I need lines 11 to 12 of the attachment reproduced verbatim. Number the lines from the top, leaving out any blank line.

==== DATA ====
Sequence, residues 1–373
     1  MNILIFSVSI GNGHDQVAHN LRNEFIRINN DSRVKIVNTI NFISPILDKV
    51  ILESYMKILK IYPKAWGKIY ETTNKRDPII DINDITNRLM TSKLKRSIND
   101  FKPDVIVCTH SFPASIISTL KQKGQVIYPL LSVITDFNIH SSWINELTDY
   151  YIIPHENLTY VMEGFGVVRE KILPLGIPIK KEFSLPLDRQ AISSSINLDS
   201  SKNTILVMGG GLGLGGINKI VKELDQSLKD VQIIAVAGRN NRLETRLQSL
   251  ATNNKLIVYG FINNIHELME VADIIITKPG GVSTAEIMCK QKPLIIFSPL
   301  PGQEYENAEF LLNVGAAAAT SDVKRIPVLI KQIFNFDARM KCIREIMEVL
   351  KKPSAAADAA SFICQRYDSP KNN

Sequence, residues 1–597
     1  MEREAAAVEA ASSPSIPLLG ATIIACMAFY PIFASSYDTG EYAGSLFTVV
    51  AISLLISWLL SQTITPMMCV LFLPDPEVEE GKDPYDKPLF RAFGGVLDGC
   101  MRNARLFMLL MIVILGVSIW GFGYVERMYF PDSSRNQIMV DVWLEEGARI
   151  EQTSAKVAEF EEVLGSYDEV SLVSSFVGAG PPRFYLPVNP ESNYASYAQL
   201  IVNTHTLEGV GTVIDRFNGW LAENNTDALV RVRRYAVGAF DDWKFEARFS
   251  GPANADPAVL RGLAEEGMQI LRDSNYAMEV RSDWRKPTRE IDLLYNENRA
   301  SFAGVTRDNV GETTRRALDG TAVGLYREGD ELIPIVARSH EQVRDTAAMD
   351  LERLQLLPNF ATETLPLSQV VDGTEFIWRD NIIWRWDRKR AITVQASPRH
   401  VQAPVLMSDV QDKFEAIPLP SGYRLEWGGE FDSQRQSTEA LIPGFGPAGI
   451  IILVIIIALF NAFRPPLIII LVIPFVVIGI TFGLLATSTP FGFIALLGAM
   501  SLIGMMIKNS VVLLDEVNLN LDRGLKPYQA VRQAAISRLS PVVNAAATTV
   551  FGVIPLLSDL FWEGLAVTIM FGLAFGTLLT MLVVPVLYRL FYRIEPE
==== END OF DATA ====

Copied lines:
     1  MEREAAAVEA ASSPSIPLLG ATIIACMAFY PIFASSYDTG EYAGSLFTVV
    51  AISLLISWLL SQTITPMMCV LFLPDPEVEE GKDPYDKPLF RAFGGVLDGC